Micropaleontological Record of a Preserved, Late Pleistocene Bald Cypress Forest on the Northern Gulf of Mexico Inner Shelf
Semester of Graduation
Master of Science (MS)
Geology & Geophysics
A cluster of previously buried Taxodium distichum stumps are exposed and preserved in growth position at the bottom of a trough on the inner Gulf of Mexico (GOM) continental shelf in 18 m water depth and 13 km offshore Orange Beach, AL. Radiocarbon ages from wood and optically stimulated luminescence (OSL) dating of sediments suggest a Marine Isotope Stage (MIS) 3 age, or older. This study builds on the previous work of Gonzalez (2018) and Obeclz (2017). Five biofacies were identified in vibracore collected in 2015 and 2016: 1) the Holocene Mississippi-Alabama-Florida (MAFLA) sand sheet, 2) a Holocene interbedded sand and mud facies, 3) a Pleistocene interbedded sand and mud facies, 4) a paleosol, and 5) a Pleistocene interbedded mud and peat facies associated with the in situ stump horizon. The seafloor, a transgressive ravinement surface, and a basal contact between undifferentiated Pleistocene terrestrial facies and an older, steeply dipping clinoform package are resolved from geophysical data. Foraminiferal assemblage analysis revealed the transitional layer of interbedded sand and mud above the floodplain facies was late Holocene in origin and was part of a lower shoreface or marine-dominated estuarine environment. Stratigraphy of the area suggests paleotopographic relief was established prior to 56 ±5 ka and persisted until Holocene transgression. Two major factors allowed for unusual preservation of the in situ stump horizon: (1) paleotopographic relief created enough accommodation for sediment infill to bury and preserve the forest, and (2) significant pulses of sea level rise during MIS 3–4 produced widespread, rapid floodplain aggradation within the incised complex.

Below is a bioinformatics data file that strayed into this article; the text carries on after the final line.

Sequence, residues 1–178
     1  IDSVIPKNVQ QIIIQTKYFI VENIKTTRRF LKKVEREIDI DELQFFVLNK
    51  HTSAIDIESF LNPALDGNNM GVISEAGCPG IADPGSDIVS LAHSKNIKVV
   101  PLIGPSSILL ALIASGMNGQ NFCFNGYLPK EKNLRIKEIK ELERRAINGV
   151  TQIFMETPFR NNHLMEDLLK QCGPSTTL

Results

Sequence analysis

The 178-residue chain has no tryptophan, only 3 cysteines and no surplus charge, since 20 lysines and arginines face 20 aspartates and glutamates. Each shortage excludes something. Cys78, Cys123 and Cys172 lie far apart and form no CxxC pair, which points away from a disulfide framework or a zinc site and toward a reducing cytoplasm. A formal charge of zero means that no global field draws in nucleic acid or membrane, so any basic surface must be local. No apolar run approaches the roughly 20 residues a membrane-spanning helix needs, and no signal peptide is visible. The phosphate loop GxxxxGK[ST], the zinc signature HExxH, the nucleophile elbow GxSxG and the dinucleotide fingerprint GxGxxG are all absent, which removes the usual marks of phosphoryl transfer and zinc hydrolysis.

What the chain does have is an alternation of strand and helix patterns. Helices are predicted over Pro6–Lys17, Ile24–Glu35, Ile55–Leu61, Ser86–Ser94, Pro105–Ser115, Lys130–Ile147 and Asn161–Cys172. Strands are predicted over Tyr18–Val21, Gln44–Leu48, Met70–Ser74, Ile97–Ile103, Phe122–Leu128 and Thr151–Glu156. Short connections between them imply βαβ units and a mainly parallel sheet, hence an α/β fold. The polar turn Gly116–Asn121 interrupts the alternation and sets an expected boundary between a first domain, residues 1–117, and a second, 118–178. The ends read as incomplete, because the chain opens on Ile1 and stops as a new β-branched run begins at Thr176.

Truong, Jonathan Thien, "Micropaleontological Record of a Preserved, Late Pleistocene Bald Cypress Forest on the Northern Gulf of Mexico Inner Shelf" (2018). LSU Master's Theses. 4727.